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Reclaiming Tripoli Street: citizens of Misrata emerge after the siege

Associated Press photographer Rodrigo Abd has been working in Libya since the beginning of May, contributing frequently to our ongoing slideshow of images of the conflict. Today he filed a series of photos taken in the city of Misrata as its citizens readjusted to life after the siege.

Rodrigo Abd / AP

A general view of Tripoli Street from the terrace of a building used by snipers loyal to Libyan leader Moammar Gadhafi during fighting with rebels in downtown Misrata, Libya. May 22.

Rodrigo Abd / AP

A man walks next to traces of the battles in Tripoli Street. May 22.

Rodrigo Abd / AP

A baby carriage is seen on top of a barricade in Tripoli Street. May 22.

Rodrigo Abd / AP

A couple lift their daughter's pram as they walk next to a destroyed tank in Tripoli Street. May 25.

Rodrigo Abd / AP

An effigy is seen hanging from electric cables meters away from Tripoli Street. May 23.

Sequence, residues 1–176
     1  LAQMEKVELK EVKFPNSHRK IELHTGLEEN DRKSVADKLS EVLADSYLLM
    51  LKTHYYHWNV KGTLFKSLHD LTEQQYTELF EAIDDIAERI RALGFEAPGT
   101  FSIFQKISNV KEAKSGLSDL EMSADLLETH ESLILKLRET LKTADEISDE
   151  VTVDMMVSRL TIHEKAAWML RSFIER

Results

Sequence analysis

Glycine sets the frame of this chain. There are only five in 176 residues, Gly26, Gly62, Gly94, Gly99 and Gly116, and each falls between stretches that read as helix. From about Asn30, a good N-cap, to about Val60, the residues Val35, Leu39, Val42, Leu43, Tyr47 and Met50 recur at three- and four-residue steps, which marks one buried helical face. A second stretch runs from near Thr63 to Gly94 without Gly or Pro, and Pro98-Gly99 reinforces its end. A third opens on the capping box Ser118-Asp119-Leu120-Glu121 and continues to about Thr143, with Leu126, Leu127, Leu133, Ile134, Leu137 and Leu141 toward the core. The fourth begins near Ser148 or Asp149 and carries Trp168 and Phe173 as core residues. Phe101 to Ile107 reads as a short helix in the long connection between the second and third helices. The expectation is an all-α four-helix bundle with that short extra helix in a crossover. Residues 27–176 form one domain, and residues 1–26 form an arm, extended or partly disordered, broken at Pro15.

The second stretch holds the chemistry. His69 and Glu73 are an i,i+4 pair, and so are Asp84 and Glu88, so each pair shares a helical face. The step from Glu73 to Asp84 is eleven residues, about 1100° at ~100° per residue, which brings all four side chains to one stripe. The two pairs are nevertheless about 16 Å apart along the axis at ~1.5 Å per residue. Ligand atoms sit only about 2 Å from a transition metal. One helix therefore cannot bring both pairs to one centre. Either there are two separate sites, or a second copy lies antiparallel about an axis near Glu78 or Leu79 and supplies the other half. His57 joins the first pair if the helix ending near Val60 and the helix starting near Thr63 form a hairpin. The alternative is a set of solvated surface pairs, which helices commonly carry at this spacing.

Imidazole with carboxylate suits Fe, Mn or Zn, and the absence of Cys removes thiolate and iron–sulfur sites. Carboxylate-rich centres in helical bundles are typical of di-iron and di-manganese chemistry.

Rodrigo Abd / AP

Women visit a makeshift museum where ammunition is displayed in Tripoli Street. May 22.

The AP reports:

The residents of Misrata came out as families — fathers with their young daughters, mothers with their toddler sons in tow — to survey with their own eyes what had become of their city.

By word of mouth, they descended on Tripoli Street, the epicenter of the punishing fight between ragtag rebels and forces loyal to Libyan ruler Moammar Gadhafi who were besieging the city.

Rebels expelled Gadhafi's forces from the western city after fierce street battles, pushing the front lines in a sweeping arc around the port city and giving civilians much-needed breathing room.

People picked up baby strollers and carried them over the piles of shell casings littering the pavement, steering them around the sand berms and burnt-out tanks blocking the sidewalks.

They snapped pictures of their children in front of the shattered facades, and surveyed a curbside collection of shrapnel and ammunition Gadhafi's troops used in their failed attempt to pound the city into submission.

At heart, they were paying their respects to their brothers, their sons, their neighbors who had died defending Misrata. But they were also, quite simply, reclaiming their city.

Last year, Rodrigo Abd and his AP colleague Evan Vucci contributed a series of PhotoBlog posts for msnbc.com from COP Nolen, a U.S. Army outpost in Afghanistan. Revisit that work here.